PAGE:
With all the talk about property as a “right” and not a “thing”, it is easy to forget that rights often relate to tangible physical objects, and that spatial issues are extremely important.
At the same time, there’s a legal line drawn between property rights to tangible and intangible resources. This lesson explores both types of boundaries that divide one owner’s rights from another’s.
First we’ll deal with real property boundaries on the vertical plane. Read pages 175-198. The cases in this section of the chapter are used to reinforce the usefulness of an economic analysis of law.
Then we’re going to talk about lateral boundaries, covering the materials on pages 201-224.
After covering the 3 dimensions of the boundaries of land, we’ll cover the boundaries between different kinds of property, in particular real and personal property. This is the law of fixtures, covered through readings on pages 224-233, which deals with the legal distinctions between things attached to land (fixtures) and things not attached to land (chattels). That’s only 9 pages, but read them carefully because we’ll put your understanding into practice during class. Come prepared to apply the readings.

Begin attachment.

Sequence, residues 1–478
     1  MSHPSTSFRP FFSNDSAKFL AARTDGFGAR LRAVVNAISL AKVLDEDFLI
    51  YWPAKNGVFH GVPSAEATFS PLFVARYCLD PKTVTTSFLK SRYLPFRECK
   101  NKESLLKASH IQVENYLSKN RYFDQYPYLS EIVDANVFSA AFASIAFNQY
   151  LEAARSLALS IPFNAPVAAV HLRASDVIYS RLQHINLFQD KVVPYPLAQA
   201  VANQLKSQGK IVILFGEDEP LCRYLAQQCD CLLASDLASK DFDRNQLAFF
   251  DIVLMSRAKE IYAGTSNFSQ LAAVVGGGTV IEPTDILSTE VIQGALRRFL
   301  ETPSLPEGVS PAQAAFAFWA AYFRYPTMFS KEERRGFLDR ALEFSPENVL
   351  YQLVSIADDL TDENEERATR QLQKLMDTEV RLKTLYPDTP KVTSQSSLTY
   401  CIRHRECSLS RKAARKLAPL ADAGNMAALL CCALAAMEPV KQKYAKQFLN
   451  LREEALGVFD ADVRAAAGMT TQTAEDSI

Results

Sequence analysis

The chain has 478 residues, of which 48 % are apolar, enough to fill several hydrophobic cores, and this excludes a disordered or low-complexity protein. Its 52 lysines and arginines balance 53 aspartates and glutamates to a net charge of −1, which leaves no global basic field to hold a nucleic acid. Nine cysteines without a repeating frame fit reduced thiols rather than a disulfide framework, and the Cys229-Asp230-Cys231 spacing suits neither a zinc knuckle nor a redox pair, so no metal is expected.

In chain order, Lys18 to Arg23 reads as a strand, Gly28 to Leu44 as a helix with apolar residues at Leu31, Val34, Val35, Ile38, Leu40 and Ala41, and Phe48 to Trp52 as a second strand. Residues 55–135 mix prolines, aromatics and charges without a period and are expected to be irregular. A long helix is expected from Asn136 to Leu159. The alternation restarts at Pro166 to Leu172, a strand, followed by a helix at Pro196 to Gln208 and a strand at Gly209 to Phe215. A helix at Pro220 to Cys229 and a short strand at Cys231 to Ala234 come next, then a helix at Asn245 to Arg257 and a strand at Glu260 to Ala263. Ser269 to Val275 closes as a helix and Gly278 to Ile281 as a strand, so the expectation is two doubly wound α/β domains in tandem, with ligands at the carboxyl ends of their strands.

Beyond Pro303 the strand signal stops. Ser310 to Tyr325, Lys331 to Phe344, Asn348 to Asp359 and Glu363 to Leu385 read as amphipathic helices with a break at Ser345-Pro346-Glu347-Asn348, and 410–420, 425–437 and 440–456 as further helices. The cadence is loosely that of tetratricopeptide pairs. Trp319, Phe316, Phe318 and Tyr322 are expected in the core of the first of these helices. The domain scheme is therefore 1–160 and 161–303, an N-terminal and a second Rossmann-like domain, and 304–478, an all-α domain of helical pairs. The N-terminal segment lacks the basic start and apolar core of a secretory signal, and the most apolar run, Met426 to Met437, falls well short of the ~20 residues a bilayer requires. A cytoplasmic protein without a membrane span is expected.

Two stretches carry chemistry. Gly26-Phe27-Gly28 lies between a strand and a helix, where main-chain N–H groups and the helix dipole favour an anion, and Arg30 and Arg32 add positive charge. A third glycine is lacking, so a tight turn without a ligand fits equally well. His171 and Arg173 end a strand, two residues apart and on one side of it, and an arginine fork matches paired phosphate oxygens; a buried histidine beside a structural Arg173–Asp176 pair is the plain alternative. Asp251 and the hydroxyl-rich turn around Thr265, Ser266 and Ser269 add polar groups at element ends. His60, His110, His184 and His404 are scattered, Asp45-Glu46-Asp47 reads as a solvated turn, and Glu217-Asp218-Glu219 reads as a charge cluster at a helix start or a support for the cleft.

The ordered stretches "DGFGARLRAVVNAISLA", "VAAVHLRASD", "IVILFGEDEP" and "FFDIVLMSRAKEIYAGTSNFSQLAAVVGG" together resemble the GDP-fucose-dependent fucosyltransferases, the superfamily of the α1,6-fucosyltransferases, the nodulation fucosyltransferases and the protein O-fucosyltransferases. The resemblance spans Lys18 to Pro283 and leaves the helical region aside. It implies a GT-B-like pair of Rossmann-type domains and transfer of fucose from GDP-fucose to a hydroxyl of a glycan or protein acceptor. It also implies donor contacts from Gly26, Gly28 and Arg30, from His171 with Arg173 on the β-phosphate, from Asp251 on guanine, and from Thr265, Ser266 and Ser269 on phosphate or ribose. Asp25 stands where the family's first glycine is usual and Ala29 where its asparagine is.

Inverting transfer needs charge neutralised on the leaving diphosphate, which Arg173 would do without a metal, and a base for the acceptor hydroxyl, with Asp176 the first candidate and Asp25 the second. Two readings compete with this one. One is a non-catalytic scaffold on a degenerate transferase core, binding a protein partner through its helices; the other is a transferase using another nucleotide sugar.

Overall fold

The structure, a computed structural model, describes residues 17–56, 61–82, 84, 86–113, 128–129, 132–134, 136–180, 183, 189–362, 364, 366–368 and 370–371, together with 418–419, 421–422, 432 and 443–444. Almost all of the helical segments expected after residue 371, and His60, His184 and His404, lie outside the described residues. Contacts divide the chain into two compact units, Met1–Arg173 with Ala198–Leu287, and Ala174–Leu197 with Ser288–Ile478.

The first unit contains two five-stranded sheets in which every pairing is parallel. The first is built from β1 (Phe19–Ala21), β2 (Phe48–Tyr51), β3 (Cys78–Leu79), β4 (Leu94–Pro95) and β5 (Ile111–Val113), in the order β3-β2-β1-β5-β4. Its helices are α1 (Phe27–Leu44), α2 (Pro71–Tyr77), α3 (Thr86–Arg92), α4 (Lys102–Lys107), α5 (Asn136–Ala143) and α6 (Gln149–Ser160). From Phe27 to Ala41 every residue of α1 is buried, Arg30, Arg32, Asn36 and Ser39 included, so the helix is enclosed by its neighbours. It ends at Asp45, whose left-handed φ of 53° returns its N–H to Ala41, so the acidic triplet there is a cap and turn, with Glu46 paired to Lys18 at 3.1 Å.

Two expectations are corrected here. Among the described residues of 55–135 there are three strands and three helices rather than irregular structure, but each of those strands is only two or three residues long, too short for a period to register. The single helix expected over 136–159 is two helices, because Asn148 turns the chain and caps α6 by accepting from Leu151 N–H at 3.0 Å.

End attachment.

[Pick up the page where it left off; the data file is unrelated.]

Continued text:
Then we’ll start to tackle intellectual property rights. Here we begin to get into the lines that divide ownership of tangible vs. intangible resources. Please read the materials on pages 252-271, covering copyrights and patents.
Trade-marks is a topic we’ll leave for the next day, when we’ll also deal with the issue of cyber-squatting and cyber-trespass. Those materials can be found at pages 272-291 of your casebook.
Next lesson we move away from boundaries to talk about the law of possession. With baseball playoffs in full swing, the timing couldn’t be better. You’ll see why soon.